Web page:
And you’re so overcome by the wonder of a particular painting or sculpture ... or so overcome by the performance of the musicians ... that again you just say “Wow!”
THAT’S awe ... too!
Be it a granite monolith or a giant tree ... an amazing meal or a a glass of wine ... a work of art or an artistic performance ... WHATEVER it may be that makes you say “Wow!” ... that takes your breath away ...
THAT is AWE!
And it is driven by a need to accommodate within ourselves something that is too big ... too beautiful ... too much ... to just take in.
It’s so big or beautiful or whatever that we literally have to make room to take it in ... we have to rearrange our internal furniture and our ways of thinking to allow something THAT big ... THAT good ... THAT delightful ... THAT whatever ... to move in.
And it’s with that emotion ... THAT sense of awe .... that the Psalmist invites us to engage as we contemplate the wonder and the goodness and the glory of God!
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I LOVE something that a fellow by the name of Frederick Buechner ... once wrote on the subject of awe. He mused:
I remember seeing a forest of giant redwoods for the first time. There were some small children nearby, giggling and chattering and pushing each other around. Nobody had to tell them to quiet down as we entered. They quieted down all by themselves. Everybody did. You couldn't hear a sound of any kind. It was like coming into a vast, empty room.
Two or three hundred feet high the redwoods stood. You had to crane your neck back as far as it would go to see the leaves at the top. The trees made their own twilight out of the bright California day. There was a stillness and stateliness about them that seemed to become part of you as you stood there stunned by the sight of them. They had been growing in that place for going on two thousand years. With infinite care they were growing even now. You could feel them doing it. They made you realize that all your life you had been mistaken. Oaks and ashes, maples and chestnuts and elms you had seen for as long as you could remember, but never until this moment had you so much as dreamed what a Tree really was.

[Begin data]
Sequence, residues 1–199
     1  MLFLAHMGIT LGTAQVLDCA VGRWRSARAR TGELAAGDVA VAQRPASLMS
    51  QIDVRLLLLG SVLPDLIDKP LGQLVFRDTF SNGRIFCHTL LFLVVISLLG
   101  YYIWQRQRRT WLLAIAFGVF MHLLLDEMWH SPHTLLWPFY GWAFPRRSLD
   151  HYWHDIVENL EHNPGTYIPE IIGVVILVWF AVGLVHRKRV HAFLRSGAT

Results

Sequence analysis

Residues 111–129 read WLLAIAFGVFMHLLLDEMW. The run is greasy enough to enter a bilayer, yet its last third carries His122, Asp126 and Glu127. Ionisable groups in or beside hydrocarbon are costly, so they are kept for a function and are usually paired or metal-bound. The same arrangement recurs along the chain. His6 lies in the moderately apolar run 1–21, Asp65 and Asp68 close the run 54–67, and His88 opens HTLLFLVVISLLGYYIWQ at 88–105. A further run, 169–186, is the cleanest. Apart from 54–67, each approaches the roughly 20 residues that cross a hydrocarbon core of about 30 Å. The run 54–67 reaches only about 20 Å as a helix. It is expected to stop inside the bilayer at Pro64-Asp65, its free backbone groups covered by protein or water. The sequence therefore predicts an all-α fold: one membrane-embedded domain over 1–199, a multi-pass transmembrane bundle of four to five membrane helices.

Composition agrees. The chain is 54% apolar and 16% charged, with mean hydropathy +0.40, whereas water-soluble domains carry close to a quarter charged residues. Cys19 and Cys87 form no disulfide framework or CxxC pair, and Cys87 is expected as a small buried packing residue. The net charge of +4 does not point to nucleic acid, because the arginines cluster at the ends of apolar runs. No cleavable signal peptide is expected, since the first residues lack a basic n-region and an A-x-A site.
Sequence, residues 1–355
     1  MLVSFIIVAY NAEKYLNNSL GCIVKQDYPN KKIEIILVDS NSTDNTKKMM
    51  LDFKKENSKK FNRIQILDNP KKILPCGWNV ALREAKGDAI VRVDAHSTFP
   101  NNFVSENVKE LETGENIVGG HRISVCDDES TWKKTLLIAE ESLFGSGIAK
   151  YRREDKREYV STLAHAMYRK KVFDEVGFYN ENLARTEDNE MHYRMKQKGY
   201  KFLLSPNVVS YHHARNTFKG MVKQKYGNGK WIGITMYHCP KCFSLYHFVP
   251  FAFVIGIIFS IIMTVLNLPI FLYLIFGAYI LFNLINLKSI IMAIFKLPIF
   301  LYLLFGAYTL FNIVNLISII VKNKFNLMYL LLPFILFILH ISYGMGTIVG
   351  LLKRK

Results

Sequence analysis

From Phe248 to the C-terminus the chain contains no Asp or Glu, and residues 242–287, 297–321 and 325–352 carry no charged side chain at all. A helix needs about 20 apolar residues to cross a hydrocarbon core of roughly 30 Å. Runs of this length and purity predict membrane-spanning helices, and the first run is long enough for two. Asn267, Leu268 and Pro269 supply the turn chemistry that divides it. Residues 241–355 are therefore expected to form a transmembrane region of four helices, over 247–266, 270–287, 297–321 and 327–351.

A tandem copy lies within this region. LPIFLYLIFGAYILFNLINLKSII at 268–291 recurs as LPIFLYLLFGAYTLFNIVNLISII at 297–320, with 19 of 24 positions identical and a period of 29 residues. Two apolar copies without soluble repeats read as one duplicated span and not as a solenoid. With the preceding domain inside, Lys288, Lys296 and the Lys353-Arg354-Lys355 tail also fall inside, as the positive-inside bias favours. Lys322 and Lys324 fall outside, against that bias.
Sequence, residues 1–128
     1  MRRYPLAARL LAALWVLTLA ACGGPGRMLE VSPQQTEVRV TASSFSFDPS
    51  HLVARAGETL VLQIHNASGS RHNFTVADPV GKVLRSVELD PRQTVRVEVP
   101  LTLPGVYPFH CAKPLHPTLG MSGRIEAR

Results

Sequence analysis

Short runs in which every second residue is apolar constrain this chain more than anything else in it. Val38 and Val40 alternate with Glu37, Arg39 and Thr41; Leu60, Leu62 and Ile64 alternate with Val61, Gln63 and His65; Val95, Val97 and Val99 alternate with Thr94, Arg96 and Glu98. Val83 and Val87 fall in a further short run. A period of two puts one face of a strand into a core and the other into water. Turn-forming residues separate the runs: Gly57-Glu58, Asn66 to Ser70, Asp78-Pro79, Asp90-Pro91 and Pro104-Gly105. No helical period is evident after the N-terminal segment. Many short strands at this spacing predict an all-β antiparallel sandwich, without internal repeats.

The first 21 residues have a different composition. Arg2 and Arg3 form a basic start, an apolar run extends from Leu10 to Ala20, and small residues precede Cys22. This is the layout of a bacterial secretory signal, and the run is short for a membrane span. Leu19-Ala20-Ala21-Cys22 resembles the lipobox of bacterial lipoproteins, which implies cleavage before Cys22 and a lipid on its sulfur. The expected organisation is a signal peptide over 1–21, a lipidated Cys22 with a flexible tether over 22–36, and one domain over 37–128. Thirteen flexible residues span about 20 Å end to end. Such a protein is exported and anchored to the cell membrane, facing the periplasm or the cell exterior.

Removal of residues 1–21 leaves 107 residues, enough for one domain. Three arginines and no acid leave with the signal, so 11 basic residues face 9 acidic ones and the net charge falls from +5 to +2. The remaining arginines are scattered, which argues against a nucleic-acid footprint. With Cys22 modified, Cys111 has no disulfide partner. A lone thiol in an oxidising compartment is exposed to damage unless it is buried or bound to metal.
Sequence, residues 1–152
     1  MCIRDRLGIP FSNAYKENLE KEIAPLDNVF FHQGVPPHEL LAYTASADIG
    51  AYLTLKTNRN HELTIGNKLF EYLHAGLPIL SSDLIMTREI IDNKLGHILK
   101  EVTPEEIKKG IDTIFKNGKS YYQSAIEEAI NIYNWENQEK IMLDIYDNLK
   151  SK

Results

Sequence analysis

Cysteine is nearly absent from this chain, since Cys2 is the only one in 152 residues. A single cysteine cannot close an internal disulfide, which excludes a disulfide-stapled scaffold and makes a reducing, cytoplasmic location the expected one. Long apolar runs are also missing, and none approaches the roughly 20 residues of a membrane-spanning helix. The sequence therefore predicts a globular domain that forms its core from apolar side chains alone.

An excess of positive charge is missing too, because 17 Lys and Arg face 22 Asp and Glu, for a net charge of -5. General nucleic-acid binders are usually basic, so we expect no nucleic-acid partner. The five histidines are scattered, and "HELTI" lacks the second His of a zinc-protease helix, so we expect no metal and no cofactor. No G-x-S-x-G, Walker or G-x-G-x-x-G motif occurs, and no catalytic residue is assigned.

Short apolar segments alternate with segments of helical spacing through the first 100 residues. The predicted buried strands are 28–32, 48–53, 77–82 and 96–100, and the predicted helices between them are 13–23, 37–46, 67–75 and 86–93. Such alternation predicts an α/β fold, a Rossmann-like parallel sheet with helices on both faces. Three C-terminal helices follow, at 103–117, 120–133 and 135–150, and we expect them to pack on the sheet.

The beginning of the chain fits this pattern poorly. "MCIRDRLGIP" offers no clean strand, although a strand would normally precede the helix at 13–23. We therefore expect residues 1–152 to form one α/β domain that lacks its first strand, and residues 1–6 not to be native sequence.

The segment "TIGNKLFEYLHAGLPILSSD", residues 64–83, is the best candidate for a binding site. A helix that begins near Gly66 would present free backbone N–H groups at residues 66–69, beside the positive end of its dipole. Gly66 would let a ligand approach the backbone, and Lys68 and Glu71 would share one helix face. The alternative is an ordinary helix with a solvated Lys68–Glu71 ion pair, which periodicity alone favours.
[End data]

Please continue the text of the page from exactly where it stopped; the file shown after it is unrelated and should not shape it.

For I can’t help but imagine that ... amid those moments ... there was something of a paradigm shift that took place in those kids ...
A paradigm shift from “The world is all about me” to “The world is larger than me” or maybe even to “This is God’s world.”
For THAT ... my friends ... is the psalmist’s invitation to each of us this Trinity Sunday ...
Not to understand the nature and the goodness of God ...
But to stand in awe of the nature and goodness of God.
To allow ourselves to undergo a paradigm shift .... from “The world is all about me” to “The world is larger than me” or maybe even to “This is My Father’s world.”
For I suspect Abraham Lincoln had it right when he wrote “I never behold the heavens filled with stars that I do not feel I am looking in the face of God. I can see how it might be possible for a man to look down upon the earth and be an atheist, but I cannot conceive how he could lie looking up into the heavens and say there is no God.”